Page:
In the Journals

Many pregnant women fail to receive Tdap vaccination

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July 20, 2015

An Advisory Committee on Immunization Practices recommendation that pregnant women receive Tdap vaccine led to a spike in vaccinations among Wisconsin residents, but it lasted less than 1 year, according to research published in MMWR.

“On Feb. 22, 2013, the [ACIP] revised recommendations for vaccination of pregnant women to recommend [Tdap] during every pregnancy, optimally at 27-36 weeks of gestation, to prevent pertussis among their newborns,” Ruth Koepke, MPH, researcher, department of pediatrics, University of Wisconsin School of Medicine and Public Health, and colleagues wrote. “Tdap vaccination among pregnant women increased but plateaued at rates similar to influenza vaccination rates.”

The researchers examined data from the Wisconsin Health Information Organization Datamart of women aged 11 to 44 years (n = 40,054) who gave birth between January 2013 and March 2014. Vaccinations up to 40 weeks before delivery were considered vaccinated for pregnancy.

Among the cohort, 35% received Tdap during the study period. This figure rose from 13.8% in January 2013 to about 52% in November 2013, but plateaued and was at 51% for March 2014 deliveries. Among the women who received Tdap vaccination during pregnancy, 63.1% were vaccinated from 2 to 13 weeks before delivery in January 2013; this rate increased to 90.9% for March 2014 deliveries.

Almost 39% of the overall cohort was vaccinated for influenza, but nearly 50% of vaccinations occurred in those who gave birth from November 2013 to March 2014. Women who received Tdap and influenza vaccines increased from less than 10% for those delivering in January 2013, to 34.7% for November 2013 to March 2014 deliveries.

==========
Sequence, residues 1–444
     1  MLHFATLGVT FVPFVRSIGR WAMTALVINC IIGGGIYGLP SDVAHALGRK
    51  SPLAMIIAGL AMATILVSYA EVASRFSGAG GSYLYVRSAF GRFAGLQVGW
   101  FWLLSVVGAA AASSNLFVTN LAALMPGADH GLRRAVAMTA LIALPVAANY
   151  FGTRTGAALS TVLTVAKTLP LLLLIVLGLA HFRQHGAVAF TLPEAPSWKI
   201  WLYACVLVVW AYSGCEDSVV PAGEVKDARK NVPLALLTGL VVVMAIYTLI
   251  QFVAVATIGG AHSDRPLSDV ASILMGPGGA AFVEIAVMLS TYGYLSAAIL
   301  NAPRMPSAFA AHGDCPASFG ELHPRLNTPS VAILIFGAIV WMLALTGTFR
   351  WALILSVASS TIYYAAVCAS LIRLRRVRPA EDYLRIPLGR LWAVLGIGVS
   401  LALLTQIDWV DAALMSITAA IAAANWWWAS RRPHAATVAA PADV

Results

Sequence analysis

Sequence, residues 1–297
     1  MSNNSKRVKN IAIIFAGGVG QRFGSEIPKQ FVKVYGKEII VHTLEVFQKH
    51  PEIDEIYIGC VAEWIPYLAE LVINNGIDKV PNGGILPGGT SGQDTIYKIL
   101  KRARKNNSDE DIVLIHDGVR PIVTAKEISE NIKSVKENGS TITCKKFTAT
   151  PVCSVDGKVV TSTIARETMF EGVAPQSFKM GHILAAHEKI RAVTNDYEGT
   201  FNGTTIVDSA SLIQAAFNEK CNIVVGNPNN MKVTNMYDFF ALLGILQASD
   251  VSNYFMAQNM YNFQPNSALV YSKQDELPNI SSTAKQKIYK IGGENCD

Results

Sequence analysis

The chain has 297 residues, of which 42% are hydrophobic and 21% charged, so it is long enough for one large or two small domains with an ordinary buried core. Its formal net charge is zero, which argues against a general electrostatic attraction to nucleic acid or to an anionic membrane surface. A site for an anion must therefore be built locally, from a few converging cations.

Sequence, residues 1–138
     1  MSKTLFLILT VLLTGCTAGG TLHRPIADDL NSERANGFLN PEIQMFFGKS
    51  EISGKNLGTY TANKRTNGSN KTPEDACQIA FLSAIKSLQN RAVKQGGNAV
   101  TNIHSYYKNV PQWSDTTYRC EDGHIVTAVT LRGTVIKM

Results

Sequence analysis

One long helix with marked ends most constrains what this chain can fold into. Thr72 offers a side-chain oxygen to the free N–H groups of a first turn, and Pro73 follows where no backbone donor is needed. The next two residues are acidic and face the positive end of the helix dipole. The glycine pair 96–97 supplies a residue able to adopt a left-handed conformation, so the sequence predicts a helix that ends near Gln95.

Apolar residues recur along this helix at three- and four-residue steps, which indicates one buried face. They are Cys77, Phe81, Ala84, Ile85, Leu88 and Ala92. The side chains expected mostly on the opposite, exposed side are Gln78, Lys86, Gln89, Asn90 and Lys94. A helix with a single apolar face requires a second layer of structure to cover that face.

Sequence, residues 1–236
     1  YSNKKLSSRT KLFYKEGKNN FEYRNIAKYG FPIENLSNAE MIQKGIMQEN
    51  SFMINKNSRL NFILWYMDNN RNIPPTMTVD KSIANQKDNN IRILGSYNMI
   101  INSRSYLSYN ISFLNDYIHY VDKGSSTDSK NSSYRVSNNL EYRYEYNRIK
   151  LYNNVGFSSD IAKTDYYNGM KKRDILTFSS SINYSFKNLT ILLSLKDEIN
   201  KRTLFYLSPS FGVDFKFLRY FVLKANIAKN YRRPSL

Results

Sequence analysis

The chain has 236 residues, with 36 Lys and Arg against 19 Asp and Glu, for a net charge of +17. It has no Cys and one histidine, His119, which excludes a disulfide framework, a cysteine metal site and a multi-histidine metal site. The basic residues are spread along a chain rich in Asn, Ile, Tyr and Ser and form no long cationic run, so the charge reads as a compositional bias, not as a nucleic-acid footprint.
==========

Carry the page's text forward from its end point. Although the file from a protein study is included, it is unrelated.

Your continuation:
Although vaccination rates improved during the study, the researchers said there is more room for improvement and greater compliance to suggestions that both vaccinations be received during pregnancy.

“Prenatal care providers should implement, evaluate, and improve Tdap and influenza vaccination programs, and strongly recommend that pregnant patients receive these vaccines to prevent severe illness and complications among mothers and infants,” Koepke and colleagues wrote. “These findings indicate that despite the rapid implementation of Tdap vaccination among pregnant women in Wisconsin, many pregnant women did not receive both recommended vaccines, including women who demonstrated a willingness to receive at least one other vaccine during pregnancy.”– by David Jwanier

Disclosure: Infectious Disease News was unable to confirm relevant financial disclosures at the time of publication.

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